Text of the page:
Long-Term Safety Performance of Fexofenadine in Asthma
The purpose of this study is to assess the long-term safety performance of fexofenadine compared to montelukast in subjects with asthma
|Study Design:||Allocation: Randomized
Endpoint Classification: Safety Study
Intervention Model: Parallel Assignment
Masking: Open Label
Primary Purpose: Treatment
|Official Title:||A Multicenter, Open-Label, Randomized, Parallel Groups Study to Assess the Long-Term Safety Performance of Fexofenadine Compared to Montelukast in Subjects With Asthma|
- Safety evaluation
- Pulmonary function tests.
|Study Start Date:||February 2002|
|Study Completion Date:||November 2003|
|Primary Completion Date:||November 2003 (Final data collection date for primary outcome measure)|
The incidence of respiratory allergy in the US has increased gradually over the past several years, and current estimates suggest that allergic rhinitis and bronchial asthma affect approximately 20% and 5% of the population, respectively. Rhinitis and asthma frequently coexist, and large-scale population surveys indicate that up to 38% of subjects with rhinitis have asthma, and up to 78% of subjects with asthma have chronic nasal symptoms. Safety concerns with the increased use of inhaled corticosteroids, the heterogeneity of the disease, and poor compliance with asthma medication regimens, point to the need for the development of safe and convenient oral therapies for asthma. Oral leukotriene receptor antagonists (eg montelukast) are the latest class of inflammation-modulating asthma drugs and appear to cause fewer long-term side effects than systemic corticosteroids and reduce the need for shorter-acting bronchodilator reliever medicines. However variability in response between patients has been observed and clinical experience with these agents is still limited.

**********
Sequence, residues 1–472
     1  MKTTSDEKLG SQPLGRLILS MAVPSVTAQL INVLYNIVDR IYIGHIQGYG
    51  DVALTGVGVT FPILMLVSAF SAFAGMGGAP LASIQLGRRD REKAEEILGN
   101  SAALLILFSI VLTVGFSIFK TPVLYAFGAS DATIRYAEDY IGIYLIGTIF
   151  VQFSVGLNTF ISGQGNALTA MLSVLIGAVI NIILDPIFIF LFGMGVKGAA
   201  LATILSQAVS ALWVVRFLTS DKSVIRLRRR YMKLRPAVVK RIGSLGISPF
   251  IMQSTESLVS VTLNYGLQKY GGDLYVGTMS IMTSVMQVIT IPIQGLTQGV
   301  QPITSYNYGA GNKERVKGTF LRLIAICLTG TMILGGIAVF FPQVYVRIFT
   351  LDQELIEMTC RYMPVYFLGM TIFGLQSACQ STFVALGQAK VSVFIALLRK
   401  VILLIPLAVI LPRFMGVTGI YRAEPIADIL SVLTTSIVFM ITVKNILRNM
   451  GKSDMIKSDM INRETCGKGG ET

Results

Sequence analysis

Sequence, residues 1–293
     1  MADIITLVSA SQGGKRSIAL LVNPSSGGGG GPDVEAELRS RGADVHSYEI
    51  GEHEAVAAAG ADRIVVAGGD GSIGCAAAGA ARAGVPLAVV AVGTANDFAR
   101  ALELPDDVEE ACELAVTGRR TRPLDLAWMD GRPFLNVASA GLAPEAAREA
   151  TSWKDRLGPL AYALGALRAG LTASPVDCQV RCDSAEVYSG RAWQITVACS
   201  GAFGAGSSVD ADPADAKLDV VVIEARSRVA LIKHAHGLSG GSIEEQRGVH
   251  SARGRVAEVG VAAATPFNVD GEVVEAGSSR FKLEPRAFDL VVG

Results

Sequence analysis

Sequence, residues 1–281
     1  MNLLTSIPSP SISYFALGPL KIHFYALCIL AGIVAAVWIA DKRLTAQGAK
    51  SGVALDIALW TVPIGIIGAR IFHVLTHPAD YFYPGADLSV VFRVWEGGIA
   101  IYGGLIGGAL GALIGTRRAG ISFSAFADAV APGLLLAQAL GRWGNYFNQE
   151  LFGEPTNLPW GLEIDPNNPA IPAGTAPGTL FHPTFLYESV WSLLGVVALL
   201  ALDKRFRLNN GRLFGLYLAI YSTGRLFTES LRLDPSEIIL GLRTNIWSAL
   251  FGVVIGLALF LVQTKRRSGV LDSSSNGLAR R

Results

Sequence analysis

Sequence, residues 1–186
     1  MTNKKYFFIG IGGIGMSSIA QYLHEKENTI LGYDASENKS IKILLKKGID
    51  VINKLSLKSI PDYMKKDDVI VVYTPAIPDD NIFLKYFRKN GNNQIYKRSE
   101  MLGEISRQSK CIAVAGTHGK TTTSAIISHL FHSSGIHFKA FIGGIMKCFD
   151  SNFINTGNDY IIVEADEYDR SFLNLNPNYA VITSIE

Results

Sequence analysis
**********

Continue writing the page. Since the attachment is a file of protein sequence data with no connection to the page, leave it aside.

Histamine is an important chemical mediator of inflammation in asthma. The benefits of antihistamine treatment in patients with mild to moderate asthma have been well documented, however their clinical use has been previously limited due to the high doses required for efficacy and their associated side effects including sedation and cognitive impairment. Recent evidence indicates that in addition to H1-receptor antagonism, some of the newer nonsedating, non-impairing antihistamines appear to possess various anti-inflammatory properties at concentrations achieved at therapeutic dosages suggesting an additional benefit of these drugs in the management of allergic diseases and asthma. The purpose of this study is to assess the long-term safety performance of fexofenadine compared to montelukast in subjects with asthma.